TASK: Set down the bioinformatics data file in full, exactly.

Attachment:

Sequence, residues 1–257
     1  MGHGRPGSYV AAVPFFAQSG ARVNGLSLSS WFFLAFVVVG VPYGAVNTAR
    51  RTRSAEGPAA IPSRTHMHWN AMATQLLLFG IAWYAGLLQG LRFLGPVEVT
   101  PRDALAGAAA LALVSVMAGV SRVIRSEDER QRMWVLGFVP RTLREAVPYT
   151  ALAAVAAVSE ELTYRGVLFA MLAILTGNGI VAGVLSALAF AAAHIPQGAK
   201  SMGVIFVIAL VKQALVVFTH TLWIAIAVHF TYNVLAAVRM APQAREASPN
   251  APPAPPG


Sequence, residues 1–257
     1  MGHGRPGSYV AAVPFFAQSG ARVNGLSLSS WFFLAFVVVG VPYGAVNTAR
    51  RTRSAEGPAA IPSRTHMHWN AMATQLLLFG IAWYAGLLQG LRFLGPVEVT
   101  PRDALAGAAA LALVSVMAGV SRVIRSEDER QRMWVLGFVP RTLREAVPYT
   151  ALAAVAAVSE ELTYRGVLFA MLAILTGNGI VAGVLSALAF AAAHIPQGAK
   201  SMGVIFVIAL VKQALVVFTH TLWIAIAVHF TYNVLAAVRM APQAREASPN
   251  APPAPPG